Over the last few centuries, however, the soaring human and cattle populations have brought extreme pressures upon our natural resources. This trend keeping pace, with the rise in population started making a tangible impact upon the resources-potential during the last few centuries and since the turn of the century has been gaining momentum, so that it has now grown to menacing proportions.
Diversion of pasture and readily accessible forestlands to agriculture and to a host of other purposes and the consequent movement of cattle to the interior forests for grazing has not only wrested a large part of its habitat from wildlife, but has also caused a deterioration in the carrying capacity of the remaining habitat. Improved communications network in the forests, versatile vehicles, slackening of fire-arms further exposed the wildlife to serious hazards. Infirm statutory provisions aggravated the situation.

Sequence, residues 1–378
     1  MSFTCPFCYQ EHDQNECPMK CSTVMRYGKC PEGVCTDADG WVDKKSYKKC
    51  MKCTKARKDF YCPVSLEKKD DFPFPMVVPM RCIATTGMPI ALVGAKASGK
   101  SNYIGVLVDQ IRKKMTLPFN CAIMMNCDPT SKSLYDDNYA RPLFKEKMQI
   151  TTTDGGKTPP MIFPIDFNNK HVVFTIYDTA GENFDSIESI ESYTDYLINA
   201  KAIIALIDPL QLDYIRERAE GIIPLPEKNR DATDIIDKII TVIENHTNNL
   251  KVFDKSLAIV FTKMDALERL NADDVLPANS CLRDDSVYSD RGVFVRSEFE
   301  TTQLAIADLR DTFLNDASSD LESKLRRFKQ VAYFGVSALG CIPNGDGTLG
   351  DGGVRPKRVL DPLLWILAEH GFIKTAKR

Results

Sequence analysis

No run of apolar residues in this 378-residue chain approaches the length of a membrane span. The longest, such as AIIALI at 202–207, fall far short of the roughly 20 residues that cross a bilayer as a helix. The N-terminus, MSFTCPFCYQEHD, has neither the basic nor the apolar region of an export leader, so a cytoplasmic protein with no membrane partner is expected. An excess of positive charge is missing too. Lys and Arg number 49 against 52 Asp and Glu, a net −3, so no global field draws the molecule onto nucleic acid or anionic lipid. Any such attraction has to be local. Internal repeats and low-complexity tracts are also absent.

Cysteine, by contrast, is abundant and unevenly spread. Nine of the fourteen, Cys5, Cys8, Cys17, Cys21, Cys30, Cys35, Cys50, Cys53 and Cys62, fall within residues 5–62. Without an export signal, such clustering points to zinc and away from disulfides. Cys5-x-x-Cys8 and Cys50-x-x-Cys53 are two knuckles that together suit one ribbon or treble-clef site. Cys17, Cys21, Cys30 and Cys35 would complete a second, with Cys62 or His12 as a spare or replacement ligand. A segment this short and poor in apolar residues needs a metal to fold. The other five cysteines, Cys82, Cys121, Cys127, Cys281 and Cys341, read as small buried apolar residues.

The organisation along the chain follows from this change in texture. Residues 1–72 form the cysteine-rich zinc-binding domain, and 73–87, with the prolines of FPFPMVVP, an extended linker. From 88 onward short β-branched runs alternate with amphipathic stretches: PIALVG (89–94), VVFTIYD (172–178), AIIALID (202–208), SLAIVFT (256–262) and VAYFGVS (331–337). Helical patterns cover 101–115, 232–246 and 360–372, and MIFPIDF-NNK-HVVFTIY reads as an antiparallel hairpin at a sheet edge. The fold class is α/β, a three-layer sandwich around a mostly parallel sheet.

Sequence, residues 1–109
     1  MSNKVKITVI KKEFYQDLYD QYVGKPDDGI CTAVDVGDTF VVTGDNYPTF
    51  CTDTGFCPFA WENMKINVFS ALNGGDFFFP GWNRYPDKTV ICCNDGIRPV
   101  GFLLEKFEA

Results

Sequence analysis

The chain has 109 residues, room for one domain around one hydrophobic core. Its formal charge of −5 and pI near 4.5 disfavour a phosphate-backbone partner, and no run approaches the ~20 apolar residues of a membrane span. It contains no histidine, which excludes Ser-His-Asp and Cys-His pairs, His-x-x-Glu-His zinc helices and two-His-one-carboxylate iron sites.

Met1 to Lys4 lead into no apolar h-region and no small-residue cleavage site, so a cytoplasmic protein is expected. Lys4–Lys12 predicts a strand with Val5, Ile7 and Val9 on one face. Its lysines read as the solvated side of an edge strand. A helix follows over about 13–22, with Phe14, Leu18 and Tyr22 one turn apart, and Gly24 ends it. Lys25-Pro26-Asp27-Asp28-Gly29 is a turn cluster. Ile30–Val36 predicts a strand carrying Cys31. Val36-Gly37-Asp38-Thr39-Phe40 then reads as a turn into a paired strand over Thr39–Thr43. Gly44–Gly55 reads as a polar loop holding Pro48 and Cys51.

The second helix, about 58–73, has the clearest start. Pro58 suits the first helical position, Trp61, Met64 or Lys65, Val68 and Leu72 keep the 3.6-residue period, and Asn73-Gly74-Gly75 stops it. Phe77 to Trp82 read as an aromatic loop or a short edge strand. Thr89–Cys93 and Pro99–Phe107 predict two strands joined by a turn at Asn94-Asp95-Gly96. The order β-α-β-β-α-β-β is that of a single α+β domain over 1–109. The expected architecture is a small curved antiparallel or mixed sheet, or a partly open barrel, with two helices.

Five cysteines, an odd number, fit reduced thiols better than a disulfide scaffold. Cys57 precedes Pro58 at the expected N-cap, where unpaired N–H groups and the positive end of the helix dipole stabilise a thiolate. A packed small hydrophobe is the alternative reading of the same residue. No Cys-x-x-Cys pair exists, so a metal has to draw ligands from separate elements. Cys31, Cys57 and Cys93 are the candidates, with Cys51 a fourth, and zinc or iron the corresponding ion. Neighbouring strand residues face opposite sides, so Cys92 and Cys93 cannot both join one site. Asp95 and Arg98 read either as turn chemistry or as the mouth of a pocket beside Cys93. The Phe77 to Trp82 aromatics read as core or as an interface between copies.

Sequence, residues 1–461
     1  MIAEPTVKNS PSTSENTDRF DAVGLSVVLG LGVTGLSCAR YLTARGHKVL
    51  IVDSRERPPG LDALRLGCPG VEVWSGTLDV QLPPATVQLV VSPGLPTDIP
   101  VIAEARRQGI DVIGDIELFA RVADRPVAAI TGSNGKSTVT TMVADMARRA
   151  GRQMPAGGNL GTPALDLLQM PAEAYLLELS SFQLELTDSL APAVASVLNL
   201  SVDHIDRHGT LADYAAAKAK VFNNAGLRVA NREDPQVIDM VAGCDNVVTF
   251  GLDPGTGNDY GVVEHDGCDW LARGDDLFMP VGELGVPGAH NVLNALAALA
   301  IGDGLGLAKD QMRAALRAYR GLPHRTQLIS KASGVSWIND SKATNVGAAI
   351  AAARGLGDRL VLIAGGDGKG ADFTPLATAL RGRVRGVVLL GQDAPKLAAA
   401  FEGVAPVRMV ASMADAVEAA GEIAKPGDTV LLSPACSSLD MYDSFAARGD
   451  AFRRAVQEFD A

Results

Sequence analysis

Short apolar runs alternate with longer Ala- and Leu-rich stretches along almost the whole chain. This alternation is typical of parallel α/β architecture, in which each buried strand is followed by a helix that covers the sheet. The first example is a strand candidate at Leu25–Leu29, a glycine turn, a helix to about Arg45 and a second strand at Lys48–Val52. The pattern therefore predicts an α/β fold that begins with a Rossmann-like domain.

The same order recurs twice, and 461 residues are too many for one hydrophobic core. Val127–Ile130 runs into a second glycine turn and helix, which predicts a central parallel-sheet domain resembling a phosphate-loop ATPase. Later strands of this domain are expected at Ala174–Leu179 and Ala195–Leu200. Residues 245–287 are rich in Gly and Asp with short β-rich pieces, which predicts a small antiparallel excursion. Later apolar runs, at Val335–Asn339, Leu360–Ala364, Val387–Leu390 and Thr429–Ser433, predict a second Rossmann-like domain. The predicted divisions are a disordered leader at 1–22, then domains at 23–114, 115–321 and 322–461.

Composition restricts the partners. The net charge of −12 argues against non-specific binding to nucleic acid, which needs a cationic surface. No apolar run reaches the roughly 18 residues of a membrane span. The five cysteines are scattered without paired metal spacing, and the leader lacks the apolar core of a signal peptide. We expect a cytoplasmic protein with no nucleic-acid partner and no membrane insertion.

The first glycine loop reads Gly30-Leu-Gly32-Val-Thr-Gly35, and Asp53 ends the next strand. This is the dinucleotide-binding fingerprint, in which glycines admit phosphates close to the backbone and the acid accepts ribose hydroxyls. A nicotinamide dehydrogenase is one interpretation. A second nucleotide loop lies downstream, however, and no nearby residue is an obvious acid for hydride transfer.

Faced with a shrinking habitat, competition from cattle, and poaching hazards, the prospects for wildlife are grim. The wild herbivore populations, which not very long ago were teeming and displayed wide variety in most parts of the country, have become greatly impoverished. Many species have become locally extinct, their habitat having shrunk to a small fraction and even there the number has gone precariously low.
Thus of the two sub-species of barasinga, that in the Sub-Himalayan tarai region stands grossly depleted while the once teeming Central Indian hardground sub-species is being helped to fight a last-ditch battle against extinction in the Kanha National Park of Madhya Pradesh fortunately an upward trend is now reported. The distribution of black buck, gaur and arna has now become local and scanty.
Of the mountain game, the markhor, the Himalayan and the Nilgiri thars have become scarce. Several species of birds such as the Great Indian Bustard, white-winged wood-duck and the pink-headed duck face extinction.
With the base of prey animals largely...